UK looks to become a key stakeholder in Indo-Pacific 

Edited By: Gravitas desk WION
London  Published: Mar 16, 2021, 10:49 PM(IST)

UK military (representative image). Photograph:( AFP )

Story highlights

The UK is out of the European Union and after Brexit, it is trying to rebuild its relationship with the world. Going by reports, Johnson wants to project that the UK is a force of good. He wants to champion global action and democratic values, which is why it wants more influence in the Indo-Pacific

Boris Johnson is coming to India next month. The British prime minister was supposed to visit in January, but the pandemic worsened in the UK and the visit had to be called off. It's back on his schedule now. Johnson will visit New Delhi on the April 26. He also plans to travel to Pune. 

This will be his first major international trip after Brexit. It will also mark a new beginning as London is reshaping its relationship with the world.   

Recently, the British government conducted a major review of its security, defence, development and foreign policy. It's a 100-page document. It basically spells out Boris Johnson's vision for the UK. 

It says Johnson wants a major foreign policy shift, a 'tilt to the Indo-Pacific' and the road to that, goes through India. The British government says the purpose of Johnson's trip is to 'unlock opportunities in the region'.   

It is planning multiple engagements. First, Johnson is coming to India. Then, he has invited India for the G7 summit. India is not part of the G7, or the group of seven, but the summit will be held in the UK and as the host country, Britain has extended an invite to India.   

So, the UK is out of the European Union and after Brexit, it is trying to rebuild its relationship with the world. Going by reports, Johnson wants to project that the UK is a force of good. He wants to champion global action and democratic values, which is why it wants more influence in the Indo-Pacific. Johnson's review calls the Indo-Pacific 'increasingly the geopolitical centre of the world'. It's a good assessment. It also explains why the UK is moving a warship to the region.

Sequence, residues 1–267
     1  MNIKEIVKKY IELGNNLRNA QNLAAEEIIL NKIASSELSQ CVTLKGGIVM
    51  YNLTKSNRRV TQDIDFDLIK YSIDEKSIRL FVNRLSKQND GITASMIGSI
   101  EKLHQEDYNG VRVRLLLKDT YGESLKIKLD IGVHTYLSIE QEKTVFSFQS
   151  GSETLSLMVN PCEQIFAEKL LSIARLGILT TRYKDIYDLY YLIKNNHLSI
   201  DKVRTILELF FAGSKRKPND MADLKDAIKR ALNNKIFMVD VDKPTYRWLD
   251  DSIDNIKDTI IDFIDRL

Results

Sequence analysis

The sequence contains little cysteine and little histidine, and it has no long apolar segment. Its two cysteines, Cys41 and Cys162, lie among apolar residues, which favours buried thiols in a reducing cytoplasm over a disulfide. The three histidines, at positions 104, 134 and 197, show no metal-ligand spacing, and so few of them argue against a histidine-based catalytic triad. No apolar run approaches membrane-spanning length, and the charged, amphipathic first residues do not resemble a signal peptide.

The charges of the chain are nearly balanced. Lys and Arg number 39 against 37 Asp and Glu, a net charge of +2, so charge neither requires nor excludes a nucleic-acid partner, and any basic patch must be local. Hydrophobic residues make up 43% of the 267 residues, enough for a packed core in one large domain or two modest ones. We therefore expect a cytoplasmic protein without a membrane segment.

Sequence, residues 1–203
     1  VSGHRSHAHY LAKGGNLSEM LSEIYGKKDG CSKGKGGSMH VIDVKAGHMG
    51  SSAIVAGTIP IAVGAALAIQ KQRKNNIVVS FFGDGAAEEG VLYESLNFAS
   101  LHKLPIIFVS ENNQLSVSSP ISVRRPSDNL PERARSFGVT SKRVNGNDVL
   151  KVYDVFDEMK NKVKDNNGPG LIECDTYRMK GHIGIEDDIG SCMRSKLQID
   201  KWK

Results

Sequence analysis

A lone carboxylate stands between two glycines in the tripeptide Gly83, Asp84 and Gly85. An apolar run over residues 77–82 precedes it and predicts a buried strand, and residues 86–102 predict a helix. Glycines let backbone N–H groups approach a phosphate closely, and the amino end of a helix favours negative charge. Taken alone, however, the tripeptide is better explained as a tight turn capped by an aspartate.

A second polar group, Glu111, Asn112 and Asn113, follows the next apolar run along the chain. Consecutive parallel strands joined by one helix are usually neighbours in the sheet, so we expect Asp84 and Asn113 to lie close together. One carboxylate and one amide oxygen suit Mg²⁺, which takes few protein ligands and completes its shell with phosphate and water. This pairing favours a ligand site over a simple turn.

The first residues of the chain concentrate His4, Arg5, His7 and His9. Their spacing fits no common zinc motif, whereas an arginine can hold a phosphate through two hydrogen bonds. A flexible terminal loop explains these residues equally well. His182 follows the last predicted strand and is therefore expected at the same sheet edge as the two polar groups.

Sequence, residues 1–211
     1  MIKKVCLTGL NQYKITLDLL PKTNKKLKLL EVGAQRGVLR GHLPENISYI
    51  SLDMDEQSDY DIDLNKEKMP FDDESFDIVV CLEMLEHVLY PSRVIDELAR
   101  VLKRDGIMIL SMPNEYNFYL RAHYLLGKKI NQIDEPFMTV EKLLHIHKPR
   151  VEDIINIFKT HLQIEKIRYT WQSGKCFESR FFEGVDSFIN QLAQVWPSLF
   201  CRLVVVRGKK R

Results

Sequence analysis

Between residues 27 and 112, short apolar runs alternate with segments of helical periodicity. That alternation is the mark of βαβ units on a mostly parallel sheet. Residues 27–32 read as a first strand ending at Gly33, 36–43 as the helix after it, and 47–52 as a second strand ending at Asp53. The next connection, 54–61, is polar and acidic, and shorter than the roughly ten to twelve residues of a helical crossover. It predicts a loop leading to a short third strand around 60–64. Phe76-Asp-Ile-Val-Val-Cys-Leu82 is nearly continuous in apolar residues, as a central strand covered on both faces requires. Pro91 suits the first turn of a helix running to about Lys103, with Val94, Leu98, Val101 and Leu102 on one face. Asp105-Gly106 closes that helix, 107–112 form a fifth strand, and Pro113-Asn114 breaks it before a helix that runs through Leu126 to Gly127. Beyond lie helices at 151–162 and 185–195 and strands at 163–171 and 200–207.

Earlier this year, London announced plans to deploy a new carrier strike group led by HMS Queen Elizabeth. This is a 65,000-tonne and 280-metre-long Royal Navy fleet flagship. Reports say it has a flight deck that can carry up to 40 aircraft.

Now, why does the UK need a warship in the Indo-Pacific? 

As the UK has left the European Union, it needs new trading partners. It has applied to join the Comprehensive and Progressive Agreement for Trans-Pacific Partnership. This is a trade agreement between 11 countries including Australia and Japan. Britain wants to join the group. These countries face one common challenge, China's aggression in the Indo-Pacific. 

Now, here's the thing any trade relationship requires free and open trading routes. Countries in the Indo-Pacific see China, a threat and if the UK wants to join them, it will have to prepare for the China threat, which is why it is sending a warship to these waters. 

It is now in the UK's interests to ensure that the Indo-Pacific remains free and open. According to a report, the United Kingdom has moved to strengthen security cooperation with several Indo-Pacific countries. It is working on stronger defence ties with Japan and members of the FPDA that is the five power defence arrangements. This list also includes Australia, Malaysia, New Zealand and Singapore. The FPDA is a series of defence relationships. They were established through a series of multilateral agreements between these countries. In simpler words, the UK is coming closer to the major players in this region. The UK also maintains military outposts in Brunei as well as a naval support facility in Singapore. So, the signs are clear. 

Boris Johnson wants a bigger role for the UK in the world and he is betting Britain's future on the Indo-Pacific. In December last year, the UK's foreign secretary Dominic Raab said, “If you look at India and the Indo-Pacific region and take a long-term view, that is where the growth opportunities will be". So, London plans to woo New Delhi to become a key stakeholder in the Indo-Pacific. 

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